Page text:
Like the famous Agatha Christie mystery with the politically incorrect title, the guests at the cottage on Lake Michigan are disappearing day by day until only three are left now—me, my wife and one daughter. My exercise routine continues uninterrupted—the morning walk down the beach and up the big sand dune, the 1,000 stroke swim in the back or front lake, the eight to fifteen mile bike ride on back roads. Likewise, the daily trip to town for groceries, blogpost and e-mails, the time at the beach under the umbrella with books to devour. With the cooperation of beautiful weather, it has been the perfect summer routine to shed skin and reach some slumbering selves often buried under work.
But one thing has been noticeably missing—music.
Remember the ukelele I pulled out of my carry-on during my 9-hour layover at the Chicago airport? While everyone walked by me oblivious to my implicit invitation to sit down and sing, I imagined everyone’s portable electronic devices replaced by ukeleles and huge jam sessions, chord-sharings, strumming techniques, happening at each gate. Face it, it would be great! And yes, yes, I know it’s practical to call your ride at the airport with your cell phone and okay, you can keep your cell phone when you get your ukelele, but come on, 90% of the calls made there are people just passing time and filling their insatiable need to feel connected. But don’t you think ukelele songfests would fill that need as well? Anybody with me on this one?
I bought my ukelele just after returning from Europe, inspired by my time on the bus in Nicaragua plunking away during long trips with the 8th graders. I had resisted the ukelele craze (now outranking the previous djembe and didjeridoo crazes), not from any particular stubbornness, but just because I was busy with other things. But after those bus trips, I was hooked, not only discovering some improvised styles that I liked, but loving the transportability and lightness and simplicity of the instrument.
The teacher in me can’t resist a little history here. It was a cab driver in Lisbon that told me the ukelele was originally inspired by a Portugese instrument brought to Hawaii by Portugese sailors. I’m out of Google range while writing this, but another storyteller I heard affirmed that fact. But of course, we mostly associate the instrument with Hawaii (where it is pronounce “oo-ke-le-le” instead of the more common, but mistaken, “you-ke-le-le.”) Indeed, one of the favorite songs from my recent jugband reunion was “Ukelele Lady” where the singer “used to linger by the moonlight on Honolulu Bay.” People outside of Hawaii mostly treated it as a novelty instrument, associated with strange people like Tiny Tim who "Tiptoed Through the Tulips" on the Johnny Carson show. Hard to know which was chicken and which egg, but the recent revival was certainly skyrocketed both by Israel Kamakawiwo’ole’s version of “Somewhere Over the Rainbow” and the rise of virtuoso superstar Jake Shimabukuro. Besides performing musicians starting to take it more seriously, it is a music teacher’s dream, being cheap, portable and capable of accompanying some 10,000 songs with a mere three chords. At a recent Orff workshop, a third of the day was devoted to ukelele training.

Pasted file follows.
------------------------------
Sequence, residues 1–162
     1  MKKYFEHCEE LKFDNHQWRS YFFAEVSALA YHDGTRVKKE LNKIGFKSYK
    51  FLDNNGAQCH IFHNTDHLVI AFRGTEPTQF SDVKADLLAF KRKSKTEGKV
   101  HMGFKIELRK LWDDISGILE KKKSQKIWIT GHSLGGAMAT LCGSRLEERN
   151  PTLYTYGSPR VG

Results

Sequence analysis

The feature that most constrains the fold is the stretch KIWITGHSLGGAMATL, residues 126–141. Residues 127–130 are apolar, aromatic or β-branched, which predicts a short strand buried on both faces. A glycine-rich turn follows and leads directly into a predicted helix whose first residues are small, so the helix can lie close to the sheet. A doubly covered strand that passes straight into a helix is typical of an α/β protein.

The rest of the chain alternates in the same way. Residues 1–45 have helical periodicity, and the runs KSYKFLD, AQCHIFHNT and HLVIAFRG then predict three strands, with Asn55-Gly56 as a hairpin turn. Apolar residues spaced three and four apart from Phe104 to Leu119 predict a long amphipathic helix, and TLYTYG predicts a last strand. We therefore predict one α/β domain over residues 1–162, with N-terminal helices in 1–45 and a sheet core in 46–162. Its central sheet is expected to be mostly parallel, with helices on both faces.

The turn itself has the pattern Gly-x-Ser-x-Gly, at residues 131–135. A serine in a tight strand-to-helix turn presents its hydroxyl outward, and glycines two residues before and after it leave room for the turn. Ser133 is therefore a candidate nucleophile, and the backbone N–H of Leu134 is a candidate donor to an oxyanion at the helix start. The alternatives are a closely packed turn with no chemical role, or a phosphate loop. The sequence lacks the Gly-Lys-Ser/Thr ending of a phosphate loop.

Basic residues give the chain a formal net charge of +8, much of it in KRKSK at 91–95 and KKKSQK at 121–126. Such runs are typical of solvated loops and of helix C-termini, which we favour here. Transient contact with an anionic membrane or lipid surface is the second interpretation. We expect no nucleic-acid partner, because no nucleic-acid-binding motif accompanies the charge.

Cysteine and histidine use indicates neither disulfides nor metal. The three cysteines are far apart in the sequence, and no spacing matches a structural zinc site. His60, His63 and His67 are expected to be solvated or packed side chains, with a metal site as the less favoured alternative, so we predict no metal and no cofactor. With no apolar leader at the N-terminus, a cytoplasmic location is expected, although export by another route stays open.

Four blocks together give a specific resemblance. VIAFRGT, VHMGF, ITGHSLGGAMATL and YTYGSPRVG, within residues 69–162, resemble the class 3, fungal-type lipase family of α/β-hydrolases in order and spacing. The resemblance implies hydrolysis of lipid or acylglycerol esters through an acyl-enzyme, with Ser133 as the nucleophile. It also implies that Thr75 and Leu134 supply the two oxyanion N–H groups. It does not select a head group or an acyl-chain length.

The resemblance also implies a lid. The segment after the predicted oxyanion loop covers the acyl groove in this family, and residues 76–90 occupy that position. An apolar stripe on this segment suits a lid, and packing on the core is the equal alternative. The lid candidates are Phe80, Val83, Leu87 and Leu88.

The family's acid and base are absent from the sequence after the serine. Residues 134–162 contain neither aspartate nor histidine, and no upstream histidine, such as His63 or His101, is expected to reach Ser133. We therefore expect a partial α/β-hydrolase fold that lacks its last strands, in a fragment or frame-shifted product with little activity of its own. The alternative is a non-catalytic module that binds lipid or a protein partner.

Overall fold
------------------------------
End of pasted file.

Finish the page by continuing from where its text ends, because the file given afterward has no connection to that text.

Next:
So back to the story. With the social energy wound down, I took my little uke to the beach at sunset and sat on the dune trying to figure out chords beyond C, F and G. The ore boats were gliding across the light on the water (what my daughter Kerala called “the path to the golden sunset” in her 4th grade poem), some children down the beach were playing in the water, a deer bounded through the grasses. What’s that Wordsworth poem? “It is a beauteous evening, calm and free, the holy time is quiet as a nun, breathless with adoration. The broad sun is sinking down in its tranquility…” I found an exciting E-minor, A, A-minor chord progression and the sun was setting as I plucked the strings. I felt like a reverse Orpheus, singing down the sun and closing out the day with music, feeling the night descend around me. As the last glow faded from the water’s horizon, the stars began to appear and grow as the darkness deepened, with a few shooting stars streaking across the constellations and a satellite or two moving slowly overhead.
And as always, never content to just appreciate the moment, I can't help but think, “Why don’t I do this every night? Why don’t we all?”